“Everyone kept coming in and asking if we had raised the roof!” laughs Chris. “No, but we lowered the shelving!” The overall feeling is open and clean, giving focus to what the market offers: fresh and prepared food, gourmet grocery items and specialty household and self-care items. A neat black chalkboard above each cold case denotes its contents in white chalk: “BUTTER. EGGS. MILK.” for an effect that’s both functional and visually appealing. The market also stocks free-range, organic, and grass-fed meats, something people were skeptical would be sellable at first, given the store’s past life as a health food store. “We eat what our food eats, so quality is very important to us,” says Joe. Now patrons pre-order specialty turkeys, leg of lamb, and scallops for holiday meals, as well as specialty items like glutenfree pies. The care for quality is evident in every corner of the store.

Provisions at the market
Salad dressing for sale
Stuffed Peppers
Margarita Millian Reyes
Photo 1: provisions are artfully displayed in baskets and on rustic tables
Photo 3: colorful peppers stuffed with rice and black beans
Photo 4: Head Chef Margarita Millan Reyes mixes up a batch of the housemade granola

Displays in the center of the store showcase each special item in stock. A shopper wants to pore over imported pastas and sauces piled on a large wooden table, or choose a decadent treat from the vintage display rack holding an array of artisan chocolates. There’s a story behind everything stocked in the store. It’s a far cry from the florescent lighting and endless aisles of a conventional supermarket, and it’s that intentional feel that makes customers choose 141. “We realize that even in a small town, people have a choice,” says Joe. The market has brought previously hard-to-find goods to Provincetown, like several varieties of quaffable kombucha on tap, which their savvy and welltraveled customers appreciate.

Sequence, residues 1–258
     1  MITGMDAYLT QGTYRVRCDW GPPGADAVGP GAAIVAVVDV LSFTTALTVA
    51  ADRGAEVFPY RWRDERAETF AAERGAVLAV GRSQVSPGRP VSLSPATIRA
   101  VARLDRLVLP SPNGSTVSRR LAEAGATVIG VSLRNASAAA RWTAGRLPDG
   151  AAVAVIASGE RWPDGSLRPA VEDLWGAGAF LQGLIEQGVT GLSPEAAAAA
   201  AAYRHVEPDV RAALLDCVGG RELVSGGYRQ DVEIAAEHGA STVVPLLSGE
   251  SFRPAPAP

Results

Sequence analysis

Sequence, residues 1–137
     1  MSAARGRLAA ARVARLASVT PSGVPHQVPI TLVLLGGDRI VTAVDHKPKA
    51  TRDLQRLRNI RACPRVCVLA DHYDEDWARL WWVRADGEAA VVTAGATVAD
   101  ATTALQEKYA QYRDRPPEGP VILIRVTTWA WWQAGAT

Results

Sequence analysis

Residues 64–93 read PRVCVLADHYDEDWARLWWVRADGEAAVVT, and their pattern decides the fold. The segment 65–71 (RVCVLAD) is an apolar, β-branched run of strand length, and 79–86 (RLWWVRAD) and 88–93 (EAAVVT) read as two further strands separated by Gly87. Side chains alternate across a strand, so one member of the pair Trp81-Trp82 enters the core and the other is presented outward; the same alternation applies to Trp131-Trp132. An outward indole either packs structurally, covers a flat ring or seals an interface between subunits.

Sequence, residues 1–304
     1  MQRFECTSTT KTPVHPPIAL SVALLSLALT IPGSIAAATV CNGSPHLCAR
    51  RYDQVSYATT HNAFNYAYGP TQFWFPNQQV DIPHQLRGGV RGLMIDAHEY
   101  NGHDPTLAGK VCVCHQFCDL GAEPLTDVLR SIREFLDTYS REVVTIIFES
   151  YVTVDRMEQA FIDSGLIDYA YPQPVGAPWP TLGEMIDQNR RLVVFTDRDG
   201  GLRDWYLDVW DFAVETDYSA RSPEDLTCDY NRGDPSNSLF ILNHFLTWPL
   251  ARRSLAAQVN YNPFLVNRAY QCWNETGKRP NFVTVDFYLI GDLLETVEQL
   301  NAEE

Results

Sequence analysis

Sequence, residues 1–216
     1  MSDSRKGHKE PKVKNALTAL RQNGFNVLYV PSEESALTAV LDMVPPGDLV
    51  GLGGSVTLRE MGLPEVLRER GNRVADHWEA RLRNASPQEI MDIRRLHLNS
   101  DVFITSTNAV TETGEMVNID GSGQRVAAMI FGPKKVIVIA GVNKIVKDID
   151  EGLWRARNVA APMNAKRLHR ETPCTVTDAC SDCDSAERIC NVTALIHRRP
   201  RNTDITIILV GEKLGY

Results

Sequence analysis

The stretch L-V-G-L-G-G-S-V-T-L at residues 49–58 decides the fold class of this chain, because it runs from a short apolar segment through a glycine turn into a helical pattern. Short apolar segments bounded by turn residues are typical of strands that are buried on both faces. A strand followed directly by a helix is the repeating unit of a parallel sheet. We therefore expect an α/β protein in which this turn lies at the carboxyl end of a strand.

The Market is committed to supporting local artisan products and industries, sourcing produce from Pure Joy Farm, honey from Pamet Honey (both in nearby Truro), and salt from Wellfleet Sea Salt Co., a testament to their commitment to building lasting personal relationships and supporting the local economy and small business.

Joe and Chris’ next project was to expand the kitchen. The full-service kitchen now has a grab-and-go cold case (the only one in town) stocked with fresh, healthful lunches: chicken wraps (made with free-range, organic chicken), Cape Cod quinoa salad, veggie burgers and freshly made salad bowls. In the cafe, a wooden table laden with baskets of baked-daily breads, baguettes, pastries, cookies, and muffins is virtually cleaned out by noon; the bread comes from Pain D’Avignon in nearby Hyannis and Iggy’s in Cambridge, while baked goods are made in-house (the Morning Glory muffin is a local favorite).

The hot food bar features two types of soups daily, cooked brown rice, and a changing selection of mostly vegan or vegetarian items. Selections might be mains like vegetable enchiladas or goat cheesestuffed roasted beets, and sides like braised kale and roasted fingerling potatoes with scallion, oregano and parsley, or roasted sweet potatoes with honey and cinnamon. Those who follow the market’s Facebook page get menu items updated daily, though many just pop into the store to see what’s cooking.

In the fall and winter months, the selections of the hot food bar are something of a local event. Everyone looks forward to recurring items featured on certain days of the week, even pre-ordering them for lunchtime pickup. “Mexican Monday,” “Pad Thai Tuesday,” and “Falafel Friday,” are something year-round residents seek out come the chilly months. “It’s like Cheers! Our regulars come in, no matter what the weather!” quips Joe.